Monsanto Co. has claimed responsibility and pledged “to take appropriate actions,” to prevent experimental cotton and cottonseed from entering the marketplace as either fiber, livestock feed or oil products.
Ty Witten, biotech cotton trait development lead for Monsanto, said about two-tenths of an acre of experimental cotton was mistakenly harvested in Dawson County, Texas, in late October, co-mingled with other cotton and that a small part of that was ginned and some seed may have been processed.
The U.S. government said no food or feed safety concerns resulted from the incident in which the small amount of an experimental genetically engineered (GE) cotton line was harvested with about 55 acres of commercial cotton.
Approximately 60 tons of cottonseed was harvested, of which less than 0.5 percent was from the unauthorized GE cotton.
“As soon as we learned of the incident we acted quickly and worked with USDA and other agencies,” Witten said. “We regret the incident, but everyone involved pulled together. We take stewardship seriously.”
Witten said Monsanto representatives also worked closely with the gin and processor to isolate the experimental cotton.
Follow-up will involve numerous U.S. agencies, including USDA, FDA, EPA, and USDA's Animal and Plant Health Inspection Service (APHIS).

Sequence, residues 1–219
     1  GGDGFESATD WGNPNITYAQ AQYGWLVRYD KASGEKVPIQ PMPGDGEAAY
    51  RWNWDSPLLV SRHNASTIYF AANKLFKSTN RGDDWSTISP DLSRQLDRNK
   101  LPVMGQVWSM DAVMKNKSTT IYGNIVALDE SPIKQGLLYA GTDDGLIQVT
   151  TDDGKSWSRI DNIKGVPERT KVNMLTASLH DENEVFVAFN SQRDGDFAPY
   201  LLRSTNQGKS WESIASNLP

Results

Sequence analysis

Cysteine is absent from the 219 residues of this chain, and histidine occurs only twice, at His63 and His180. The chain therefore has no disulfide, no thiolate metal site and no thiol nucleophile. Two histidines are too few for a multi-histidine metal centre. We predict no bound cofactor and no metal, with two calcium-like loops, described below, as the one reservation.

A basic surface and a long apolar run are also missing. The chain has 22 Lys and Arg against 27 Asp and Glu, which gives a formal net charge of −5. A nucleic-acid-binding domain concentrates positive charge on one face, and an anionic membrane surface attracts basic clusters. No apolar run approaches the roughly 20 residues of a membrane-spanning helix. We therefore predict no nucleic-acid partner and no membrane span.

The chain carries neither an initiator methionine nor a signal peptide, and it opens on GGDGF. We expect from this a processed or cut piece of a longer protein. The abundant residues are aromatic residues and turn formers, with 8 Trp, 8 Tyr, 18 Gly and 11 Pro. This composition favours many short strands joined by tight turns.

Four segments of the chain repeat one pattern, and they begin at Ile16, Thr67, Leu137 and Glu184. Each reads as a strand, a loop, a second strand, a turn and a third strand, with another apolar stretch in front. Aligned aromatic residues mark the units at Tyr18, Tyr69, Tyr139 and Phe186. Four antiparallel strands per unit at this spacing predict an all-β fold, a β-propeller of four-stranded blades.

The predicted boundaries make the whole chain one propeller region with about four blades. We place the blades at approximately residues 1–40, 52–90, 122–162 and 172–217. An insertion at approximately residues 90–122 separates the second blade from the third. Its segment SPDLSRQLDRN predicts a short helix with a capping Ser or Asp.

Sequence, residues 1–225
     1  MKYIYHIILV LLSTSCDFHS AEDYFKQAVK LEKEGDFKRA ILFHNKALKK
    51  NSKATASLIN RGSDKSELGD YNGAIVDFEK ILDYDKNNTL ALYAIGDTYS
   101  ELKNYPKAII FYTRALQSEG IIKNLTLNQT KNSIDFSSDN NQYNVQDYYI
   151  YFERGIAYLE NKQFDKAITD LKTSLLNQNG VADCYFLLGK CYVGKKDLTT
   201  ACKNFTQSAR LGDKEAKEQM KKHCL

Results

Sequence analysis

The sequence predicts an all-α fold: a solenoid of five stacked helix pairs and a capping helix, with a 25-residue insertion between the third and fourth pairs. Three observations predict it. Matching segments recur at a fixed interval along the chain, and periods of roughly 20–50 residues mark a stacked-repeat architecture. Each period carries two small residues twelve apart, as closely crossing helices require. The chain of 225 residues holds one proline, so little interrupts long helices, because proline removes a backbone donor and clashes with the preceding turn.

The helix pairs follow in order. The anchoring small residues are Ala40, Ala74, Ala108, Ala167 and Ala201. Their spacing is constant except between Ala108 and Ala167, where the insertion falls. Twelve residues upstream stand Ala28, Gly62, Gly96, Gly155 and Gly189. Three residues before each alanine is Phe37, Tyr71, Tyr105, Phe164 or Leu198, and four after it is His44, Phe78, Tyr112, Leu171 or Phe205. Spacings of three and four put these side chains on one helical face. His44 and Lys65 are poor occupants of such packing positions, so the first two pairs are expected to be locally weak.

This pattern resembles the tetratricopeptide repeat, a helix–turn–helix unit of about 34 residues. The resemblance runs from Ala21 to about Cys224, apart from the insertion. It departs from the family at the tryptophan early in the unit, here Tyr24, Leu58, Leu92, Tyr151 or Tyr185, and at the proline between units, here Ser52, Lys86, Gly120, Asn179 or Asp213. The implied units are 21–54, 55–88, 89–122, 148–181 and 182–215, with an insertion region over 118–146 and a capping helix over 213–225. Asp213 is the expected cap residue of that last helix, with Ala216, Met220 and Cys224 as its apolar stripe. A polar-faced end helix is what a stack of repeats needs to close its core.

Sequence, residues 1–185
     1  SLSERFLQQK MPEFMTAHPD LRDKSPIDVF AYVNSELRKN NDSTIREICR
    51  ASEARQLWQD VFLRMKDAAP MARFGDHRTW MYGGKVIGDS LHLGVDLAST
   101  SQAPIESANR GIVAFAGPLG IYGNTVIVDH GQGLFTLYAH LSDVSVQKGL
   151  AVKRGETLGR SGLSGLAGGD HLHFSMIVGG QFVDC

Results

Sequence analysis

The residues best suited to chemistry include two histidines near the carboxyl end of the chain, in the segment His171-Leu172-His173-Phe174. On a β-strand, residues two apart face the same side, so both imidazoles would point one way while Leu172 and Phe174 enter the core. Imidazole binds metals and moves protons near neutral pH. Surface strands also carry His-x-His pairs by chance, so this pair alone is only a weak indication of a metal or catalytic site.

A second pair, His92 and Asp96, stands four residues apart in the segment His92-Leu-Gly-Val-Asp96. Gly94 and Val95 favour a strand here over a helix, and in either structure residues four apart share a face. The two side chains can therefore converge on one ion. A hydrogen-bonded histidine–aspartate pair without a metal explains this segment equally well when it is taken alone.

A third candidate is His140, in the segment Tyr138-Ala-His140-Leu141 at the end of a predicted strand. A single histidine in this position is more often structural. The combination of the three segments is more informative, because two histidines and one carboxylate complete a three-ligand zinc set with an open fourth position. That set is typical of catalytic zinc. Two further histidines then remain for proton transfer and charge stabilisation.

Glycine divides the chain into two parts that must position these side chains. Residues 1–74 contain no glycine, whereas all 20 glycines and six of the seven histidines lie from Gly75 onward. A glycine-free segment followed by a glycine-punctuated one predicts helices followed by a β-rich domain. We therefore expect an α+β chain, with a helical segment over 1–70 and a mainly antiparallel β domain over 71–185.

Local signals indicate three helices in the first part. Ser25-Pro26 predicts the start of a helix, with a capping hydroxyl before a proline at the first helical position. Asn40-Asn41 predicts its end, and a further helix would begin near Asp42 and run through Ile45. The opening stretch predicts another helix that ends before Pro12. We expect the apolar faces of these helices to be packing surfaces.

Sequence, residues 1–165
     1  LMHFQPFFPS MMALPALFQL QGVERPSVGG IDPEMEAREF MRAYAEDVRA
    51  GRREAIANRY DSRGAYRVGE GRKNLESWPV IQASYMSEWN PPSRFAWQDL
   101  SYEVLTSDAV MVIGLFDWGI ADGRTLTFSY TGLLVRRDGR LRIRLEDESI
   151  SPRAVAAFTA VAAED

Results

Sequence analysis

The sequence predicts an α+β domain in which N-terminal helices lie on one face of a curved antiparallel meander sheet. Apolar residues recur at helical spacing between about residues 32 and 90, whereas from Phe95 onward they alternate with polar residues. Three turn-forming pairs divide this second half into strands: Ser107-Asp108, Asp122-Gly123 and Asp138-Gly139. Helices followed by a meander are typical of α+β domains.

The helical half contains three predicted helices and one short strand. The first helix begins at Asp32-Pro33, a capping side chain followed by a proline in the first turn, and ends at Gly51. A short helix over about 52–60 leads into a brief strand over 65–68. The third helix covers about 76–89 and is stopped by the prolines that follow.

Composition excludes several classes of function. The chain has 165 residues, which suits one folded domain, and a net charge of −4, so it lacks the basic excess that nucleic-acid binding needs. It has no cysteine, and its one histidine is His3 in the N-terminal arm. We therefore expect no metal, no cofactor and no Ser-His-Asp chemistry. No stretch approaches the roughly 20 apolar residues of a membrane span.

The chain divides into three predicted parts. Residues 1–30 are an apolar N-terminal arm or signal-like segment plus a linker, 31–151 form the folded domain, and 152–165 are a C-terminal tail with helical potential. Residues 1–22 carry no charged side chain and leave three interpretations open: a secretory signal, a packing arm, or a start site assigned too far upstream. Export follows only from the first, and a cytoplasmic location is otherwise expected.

The experimental cotton included a protein already marketed in a corn hybrid. The protein is a variant of Cry 1A 105 that acts as a pesticide against cotton insect pests.
Janice Person, with Monsanto public affairs, said the protein produced in the GE cotton is currently available in commercial corn hybrids, known as YieldGard VT PRO.
The U.S. government is investigating whether a small amount of meal from the unauthorized GE cotton variety may have been inadvertently released into the animal feed supply. The processor is holding potentially affected material (both processed and unprocessed) pending further investigation.
EPA has concluded that there would be no risk to animals consuming small amounts of feed from the unauthorized cotton, or to humans from consuming meat or milk from these animals. The presence of this material in food or feed, however, would be illegal.
“Monsanto has taken responsibility for this release and for resolving it in a manner that is satisfactory to the U.S. Department of Agriculture, the Food and Drug Administration and the Environmental Protection Agency,” said Monsanto's Jerry Hjelle, vice president of Global Regulatory Affairs.
Monsanto officials said as soon as they were aware of the mistaken harvest they informed the processor and quickly separated the suspect material. They tracked the commingled cottonseed from harvest to processing.
Monsanto also reported the incident to USDA.
(Editor's note: source material includes interviews and USDA and Monsanto releases)